Tuesday, March 1st, 2016
Resilience is the skill and the capacity to be robust under conditions of enormous stress and change.
Resilient people possess three characteristics: a staunch acceptance of reality; a deep belief, often buttressed by strongly held values, that life is meaningful; and an uncanny ability to improvise. You can bounce back from hardship with just one or two of these qualities, but you will only be truly resilient with all three. These three characteristics hold true for resilient organizations as well.
Facing Down Reality: Resilient people have very sober and down-to-earth views of those parts of reality that matter for survival. That’s not to say that optimism doesn’t have its place: In turning around a demoralized sales force, for instance, conjuring a sense of possibility can be a very powerful tool. But for bigger challenges, a cool, almost pessimistic, sense of reality is far more important.
Facing reality, really facing it, is grueling work. Indeed, it can be unpleasant and often emotionally wrenching. The fact is, when we truly stare down reality, we prepare ourselves to act in ways that allow us to endure and survive extraordinary hardship. We train ourselves how to survive before the fact.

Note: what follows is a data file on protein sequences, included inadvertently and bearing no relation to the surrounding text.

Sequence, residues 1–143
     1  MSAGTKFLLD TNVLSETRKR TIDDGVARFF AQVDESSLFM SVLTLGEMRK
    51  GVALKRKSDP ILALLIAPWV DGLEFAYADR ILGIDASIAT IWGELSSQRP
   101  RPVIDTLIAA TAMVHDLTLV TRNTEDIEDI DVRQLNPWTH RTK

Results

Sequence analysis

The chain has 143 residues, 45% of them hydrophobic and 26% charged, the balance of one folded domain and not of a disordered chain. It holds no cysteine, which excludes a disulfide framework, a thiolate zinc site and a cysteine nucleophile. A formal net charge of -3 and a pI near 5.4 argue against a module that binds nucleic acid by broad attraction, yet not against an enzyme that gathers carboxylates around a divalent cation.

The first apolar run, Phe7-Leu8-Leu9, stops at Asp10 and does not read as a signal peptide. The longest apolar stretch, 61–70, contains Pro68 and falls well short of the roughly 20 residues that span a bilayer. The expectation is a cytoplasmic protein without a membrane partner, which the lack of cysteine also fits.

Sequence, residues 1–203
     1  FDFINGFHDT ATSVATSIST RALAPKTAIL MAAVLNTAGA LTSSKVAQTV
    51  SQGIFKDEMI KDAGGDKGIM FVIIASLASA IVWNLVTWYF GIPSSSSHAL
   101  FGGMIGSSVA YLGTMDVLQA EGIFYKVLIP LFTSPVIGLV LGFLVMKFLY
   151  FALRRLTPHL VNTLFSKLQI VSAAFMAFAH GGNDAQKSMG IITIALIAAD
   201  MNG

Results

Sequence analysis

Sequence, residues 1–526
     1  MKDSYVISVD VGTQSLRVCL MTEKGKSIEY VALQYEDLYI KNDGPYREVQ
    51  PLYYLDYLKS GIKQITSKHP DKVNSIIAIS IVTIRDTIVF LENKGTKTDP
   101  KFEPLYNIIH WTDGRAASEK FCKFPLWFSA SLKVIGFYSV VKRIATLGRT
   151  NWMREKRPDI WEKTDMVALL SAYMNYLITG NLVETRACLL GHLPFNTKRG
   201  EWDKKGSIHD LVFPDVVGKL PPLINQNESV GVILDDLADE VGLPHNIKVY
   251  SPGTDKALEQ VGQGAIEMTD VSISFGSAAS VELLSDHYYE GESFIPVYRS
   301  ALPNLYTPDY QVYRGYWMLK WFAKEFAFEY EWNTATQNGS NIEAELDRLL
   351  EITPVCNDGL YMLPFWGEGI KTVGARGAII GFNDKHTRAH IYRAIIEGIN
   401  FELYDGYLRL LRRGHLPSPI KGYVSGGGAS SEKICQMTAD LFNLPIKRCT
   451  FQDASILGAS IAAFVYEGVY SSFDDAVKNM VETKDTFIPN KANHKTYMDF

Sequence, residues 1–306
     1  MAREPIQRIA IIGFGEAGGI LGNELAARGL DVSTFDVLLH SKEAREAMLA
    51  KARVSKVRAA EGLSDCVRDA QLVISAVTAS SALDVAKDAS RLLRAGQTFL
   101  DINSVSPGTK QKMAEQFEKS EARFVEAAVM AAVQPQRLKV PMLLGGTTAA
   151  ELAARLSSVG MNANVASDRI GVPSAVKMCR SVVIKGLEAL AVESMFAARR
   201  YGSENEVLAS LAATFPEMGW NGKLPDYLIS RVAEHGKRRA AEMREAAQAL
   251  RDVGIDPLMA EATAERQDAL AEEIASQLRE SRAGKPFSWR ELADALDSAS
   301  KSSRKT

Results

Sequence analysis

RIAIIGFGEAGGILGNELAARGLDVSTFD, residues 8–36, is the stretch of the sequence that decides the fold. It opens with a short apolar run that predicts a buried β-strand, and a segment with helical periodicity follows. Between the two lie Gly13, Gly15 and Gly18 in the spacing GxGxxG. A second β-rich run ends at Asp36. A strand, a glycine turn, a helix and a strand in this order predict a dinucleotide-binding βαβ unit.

The Search for Meaning: resilient people devise constructs about their suffering to create some sort of meaning for themselves and others. Strong values infuse an environment with meaning because they offer ways to interpret and shape events.
Ritualized Ingenuity: When people are put under pressure, they regress to their most habituated ways of responding. What we do not expect under life-threatening pressure is creativity. In other words, the rules and regulations that make some companies appear less creative may actually make them more resilient in times of real turbulence.
Summing-up: Resilience is a reflex, a way of facing and understanding the world, that is deeply etched into a person’s mind and soul. Resilient people and companies face reality with staunchness, make meaning of hardship instead of crying out in despair, and improvise solutions from thin air. Others do not. This is the nature of resilience, and we will never completely understand it.